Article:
In addition to the jackpot victor, the sales frenzy produced a whopping 36 second prize tickets - each matching the five white balls drawn Tuesday night.
If no tickets matched the Tuesday numbers, lottery officials said the jackpot was expected to grow to an estimated $2 billion for Friday's drawing.
There has not been a Mega Millions ticket sold with "all six numbers" matching the drawing since July 24, allowing the jackpot to roll over for 13 consecutive weeks and the prize to swell.
Jackpot winners can remain anonymous in eight states - Delaware, Georgia, Kansas, Maryland, North Dakota, Ohio, South Carolina and Texas.
The games are played in 44 states, Washington, D.C., and the U.S. Virgin Islands.More news: 'We've paid a big price': Australia government loses crucial by-election
One winning ticket was apparently sold for the world record $1.6 million Mega Millions jackpot.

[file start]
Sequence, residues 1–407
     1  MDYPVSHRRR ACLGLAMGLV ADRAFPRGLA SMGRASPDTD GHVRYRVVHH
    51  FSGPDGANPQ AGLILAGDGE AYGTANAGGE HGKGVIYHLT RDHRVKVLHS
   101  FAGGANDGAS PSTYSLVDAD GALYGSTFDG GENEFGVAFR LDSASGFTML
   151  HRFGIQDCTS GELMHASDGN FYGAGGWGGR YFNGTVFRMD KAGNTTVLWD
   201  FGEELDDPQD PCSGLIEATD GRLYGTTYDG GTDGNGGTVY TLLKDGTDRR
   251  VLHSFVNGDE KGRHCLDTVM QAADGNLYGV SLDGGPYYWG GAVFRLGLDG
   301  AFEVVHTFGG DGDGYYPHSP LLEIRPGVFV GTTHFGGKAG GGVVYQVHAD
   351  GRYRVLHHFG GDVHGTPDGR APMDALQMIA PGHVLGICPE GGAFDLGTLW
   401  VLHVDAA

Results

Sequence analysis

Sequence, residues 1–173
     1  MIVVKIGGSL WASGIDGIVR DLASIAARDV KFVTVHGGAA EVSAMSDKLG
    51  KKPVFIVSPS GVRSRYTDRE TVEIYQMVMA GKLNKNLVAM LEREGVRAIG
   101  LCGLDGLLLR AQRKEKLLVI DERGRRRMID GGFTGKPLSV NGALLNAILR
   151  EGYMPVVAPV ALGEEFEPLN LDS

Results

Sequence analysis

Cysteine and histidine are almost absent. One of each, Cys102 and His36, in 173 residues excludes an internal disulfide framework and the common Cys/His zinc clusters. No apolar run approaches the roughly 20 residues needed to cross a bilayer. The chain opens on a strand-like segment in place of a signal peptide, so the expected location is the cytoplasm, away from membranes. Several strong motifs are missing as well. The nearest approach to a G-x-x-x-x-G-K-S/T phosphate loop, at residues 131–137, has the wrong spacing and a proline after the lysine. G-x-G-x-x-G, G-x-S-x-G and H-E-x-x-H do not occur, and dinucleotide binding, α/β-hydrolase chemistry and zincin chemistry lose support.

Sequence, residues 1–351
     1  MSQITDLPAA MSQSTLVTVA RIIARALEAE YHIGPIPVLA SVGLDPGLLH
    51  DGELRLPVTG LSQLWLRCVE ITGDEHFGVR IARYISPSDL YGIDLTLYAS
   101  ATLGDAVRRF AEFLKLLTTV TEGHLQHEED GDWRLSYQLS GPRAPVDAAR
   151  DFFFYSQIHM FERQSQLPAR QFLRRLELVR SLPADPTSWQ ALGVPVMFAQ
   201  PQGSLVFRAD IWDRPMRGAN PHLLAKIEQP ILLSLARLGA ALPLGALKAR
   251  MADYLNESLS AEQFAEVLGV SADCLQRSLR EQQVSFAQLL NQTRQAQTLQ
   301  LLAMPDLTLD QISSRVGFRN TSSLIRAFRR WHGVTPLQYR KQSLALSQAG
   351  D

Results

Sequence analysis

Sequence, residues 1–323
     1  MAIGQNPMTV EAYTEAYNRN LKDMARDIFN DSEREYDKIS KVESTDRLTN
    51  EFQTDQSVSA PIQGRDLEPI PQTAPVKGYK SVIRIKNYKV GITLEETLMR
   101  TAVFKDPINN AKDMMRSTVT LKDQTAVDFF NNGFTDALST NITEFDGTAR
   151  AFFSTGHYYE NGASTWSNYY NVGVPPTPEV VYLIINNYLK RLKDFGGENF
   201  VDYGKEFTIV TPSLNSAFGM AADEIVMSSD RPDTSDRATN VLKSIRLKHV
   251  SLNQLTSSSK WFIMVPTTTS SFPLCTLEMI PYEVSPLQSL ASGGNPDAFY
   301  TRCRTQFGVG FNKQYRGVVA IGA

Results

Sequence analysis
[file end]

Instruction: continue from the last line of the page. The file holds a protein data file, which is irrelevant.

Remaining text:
Odds of winning the prize were 1 in 302 million.
Even if you didn't win the Mega Millions, you still have a shot at the Powerball.
Mega Millions needs to change its name as it's no longer accurate.
Of course, whoever wins the prize won't be able to turn in a ticket and be handed $1 billion in cash.
The lump sum cash payout is estimated at $354.3m.More news: Egypt says actions "decisive and brave" by Saudi over missing journalist case
This amount of money is the most to be won in the history of the Mega Millions.
Gordon Medenica, lead director of the Mega Millions Group, said: "The moment we've been waiting for finally arrived and we couldn't be more excited".
Including the jackpot and lesser prizes, there were 15.75 million tickets Tuesday night that earned bettors at least the face value of the ticket.
And if you find that you are not mega-lucky from Tuesday night's drawing, there's always Powerball.
Don't worry if you weren't the lucky Mega Millions victor.
Powerball has climbed since there was a victor in NY on August 11.More news: Hamilton grabs pole position at US GP
Although Tuesday's jackpot was extraordinarily large, it's no fluke.